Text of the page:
posted on 28 September 2016
by Charles Hugh Smith, Of Two Minds
The best way to restart investment (and thus employment opportunities) is to make the U.S. a magnet for productive capital rather than a graveyard of tax-avoidance strategies.
Donald Trump has made trade agreements a central issue in this presidential election, declaring trade treaties such as the North American Free Trade Agreement (NAFTA) as unfair and subject to cancellation or renegotiation.
Setting aside the issue of whether presidents can cancel trade treaties via executive orders, let's look at the underlying issue: the erosion of manufacturing and entry-level job opportunities that lead to middle-class security and pay.
The question then becomes: what are the causes of this erosion of manufacturing and the middle class? Trade is relatively easy to finger because the flood of cheap goods into the U.S. coincided with the wholesale offshoring of manufacturing capacity.
But it isn't quite that simple. "Free" Trade, Jobs and Income Inequality: It's Not As Easy As We Might Think (March 22, 2016)
There are many other issues in play, including:
Forget "Free Trade"--Focus on Capital Flows (October 28, 2014)
6. Triffin's paradox demands that any nation issuing the global reserve currency must run a trade deficit as a means of exporting the reserve currency into the global economy. I know this is counter-intuitive, but I've explained it many times over the years:
Why the Shrinking Trade Deficit Will Choke U.S. Corporate Profits (August 8, 2013)
Understanding the "Exorbitant Privilege" of the U.S. Dollar (November 19, 2012)
The Dollar and the Deep State (February 24, 2014)
In other words, if you want the Exorbitant Privilege of issuing the global reserve currency, you have to run a permanent trade deficit.
Let's look at what any president can influence/control and what is beyond their reach. Presidents can complain about currency manipulation and even threaten reprisals, but currency manipulation is not only a trade issue; it overlaps with diplomatic issues that extend far beyond trade. For example, the U.S. might tolerate some currency pegs to support key allies.
Any president's ability to limit automation, technology and "software eating the world" is essentially zero. Nations that attempt to limit or stifle technological advances end up stifling productivity and innovation, and as a result they are doomed to stagnation.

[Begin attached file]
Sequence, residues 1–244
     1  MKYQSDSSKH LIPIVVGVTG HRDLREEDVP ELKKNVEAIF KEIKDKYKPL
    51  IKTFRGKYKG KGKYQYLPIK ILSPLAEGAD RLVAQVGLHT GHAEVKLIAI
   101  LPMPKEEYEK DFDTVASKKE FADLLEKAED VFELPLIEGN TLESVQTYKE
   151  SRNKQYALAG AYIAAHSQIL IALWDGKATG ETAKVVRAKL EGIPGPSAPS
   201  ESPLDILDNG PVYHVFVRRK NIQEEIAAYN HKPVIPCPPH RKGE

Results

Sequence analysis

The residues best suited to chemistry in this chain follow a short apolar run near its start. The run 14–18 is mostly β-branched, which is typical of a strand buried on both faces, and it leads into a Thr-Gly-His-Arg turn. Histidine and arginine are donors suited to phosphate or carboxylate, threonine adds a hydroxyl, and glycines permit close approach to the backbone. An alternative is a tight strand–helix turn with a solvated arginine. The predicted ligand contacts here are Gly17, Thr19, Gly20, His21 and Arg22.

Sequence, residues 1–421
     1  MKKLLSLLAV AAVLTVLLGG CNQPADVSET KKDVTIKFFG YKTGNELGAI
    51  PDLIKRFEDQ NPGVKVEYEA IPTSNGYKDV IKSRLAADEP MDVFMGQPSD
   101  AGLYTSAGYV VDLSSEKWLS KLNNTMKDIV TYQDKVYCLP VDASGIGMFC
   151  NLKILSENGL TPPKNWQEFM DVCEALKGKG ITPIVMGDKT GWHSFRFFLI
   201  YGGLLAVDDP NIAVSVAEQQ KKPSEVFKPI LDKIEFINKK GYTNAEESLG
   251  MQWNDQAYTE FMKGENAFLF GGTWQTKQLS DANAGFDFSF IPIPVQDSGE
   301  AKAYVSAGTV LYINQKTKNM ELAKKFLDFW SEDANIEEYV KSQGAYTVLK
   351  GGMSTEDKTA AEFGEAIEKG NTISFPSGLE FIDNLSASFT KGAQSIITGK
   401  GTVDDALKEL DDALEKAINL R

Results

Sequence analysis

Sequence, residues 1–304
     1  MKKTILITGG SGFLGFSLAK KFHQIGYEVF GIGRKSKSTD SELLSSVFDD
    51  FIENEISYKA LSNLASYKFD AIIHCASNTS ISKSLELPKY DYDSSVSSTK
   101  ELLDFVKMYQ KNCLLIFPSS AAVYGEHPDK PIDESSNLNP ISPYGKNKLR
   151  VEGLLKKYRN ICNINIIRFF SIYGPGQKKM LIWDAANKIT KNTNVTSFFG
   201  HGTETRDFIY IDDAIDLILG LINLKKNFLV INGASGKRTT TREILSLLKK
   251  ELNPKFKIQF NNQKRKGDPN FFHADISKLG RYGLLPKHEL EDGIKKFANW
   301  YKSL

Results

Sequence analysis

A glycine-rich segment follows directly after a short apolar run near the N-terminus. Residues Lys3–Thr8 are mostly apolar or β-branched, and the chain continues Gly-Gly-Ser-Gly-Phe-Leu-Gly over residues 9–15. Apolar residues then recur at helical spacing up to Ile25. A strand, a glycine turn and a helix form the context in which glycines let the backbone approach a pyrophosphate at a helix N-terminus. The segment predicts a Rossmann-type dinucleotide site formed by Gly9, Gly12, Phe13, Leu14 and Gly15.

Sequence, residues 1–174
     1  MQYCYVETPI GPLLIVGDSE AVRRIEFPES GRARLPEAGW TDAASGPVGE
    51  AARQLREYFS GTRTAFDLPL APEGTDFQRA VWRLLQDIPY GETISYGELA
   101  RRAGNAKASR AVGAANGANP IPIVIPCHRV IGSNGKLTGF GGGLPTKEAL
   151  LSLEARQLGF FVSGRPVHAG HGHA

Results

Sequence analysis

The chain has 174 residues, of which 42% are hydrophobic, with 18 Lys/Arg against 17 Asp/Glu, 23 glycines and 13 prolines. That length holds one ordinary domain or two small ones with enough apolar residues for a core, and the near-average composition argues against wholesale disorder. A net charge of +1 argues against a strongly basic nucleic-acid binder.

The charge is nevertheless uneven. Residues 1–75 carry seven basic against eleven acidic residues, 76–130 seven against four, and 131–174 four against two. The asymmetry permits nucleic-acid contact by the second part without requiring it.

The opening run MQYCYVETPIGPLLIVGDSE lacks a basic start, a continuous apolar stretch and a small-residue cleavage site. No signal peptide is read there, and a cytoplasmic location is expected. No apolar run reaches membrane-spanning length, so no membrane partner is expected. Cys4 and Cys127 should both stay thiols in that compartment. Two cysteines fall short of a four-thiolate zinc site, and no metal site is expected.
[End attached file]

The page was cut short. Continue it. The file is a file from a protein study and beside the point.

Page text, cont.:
The same can be said of global wage arbitrage. There is very little any president can do to stop companies from taking advantage of the divergence of wages between states, nations and regions.
As for destroying the reserve currency (the U.S. dollar) in a quixotic quest for trade surpluses: look at Japan, which has consistently run trade surpluses while wallowing in decades of social and economic stagnation.
That said, there is one issue the president can influence: the tax rates on domestic corporations. Many nations use tax credits and the like to encourage manufacturers to maintain domestic production, but America's 35% corporate tax rate is an absolute job killer.
This high tax rate forces corporations to game the global tax system for zero benefit to the U.S. or its work force.
Trump would serve the nation and its work force best by lowering the corporate tax rate to a flat 5% for companies that maintained substantial facilities and work forces in the U.S. I submit that a flat 5% rate would actually collect more tax revenues than the 35% rate that pushes employers and employees overseas.
The corporate tax rate of 35% has perversely incentivized moving production and employees overseas. I have yet to meet anyone defending the sky-high nominal tax rates who actually employs people and pays the 35% corporate rate or operates a global corporation.
As an abstraction, the 35% rate appeals to "progressives" intent on punishing Corporate America for its many sins. But the reality is the "progressives" aiming at "evil corporations" have shot American workers in the chest.
The best way to restart investment (and thus employment opportunities) is to make the U.S. a magnet for productive capital rather than a graveyard of tax-avoidance strategies. The problem isn't trade per se; it's a perverse tax system that drives domestic employers overseas.
Of related interest:
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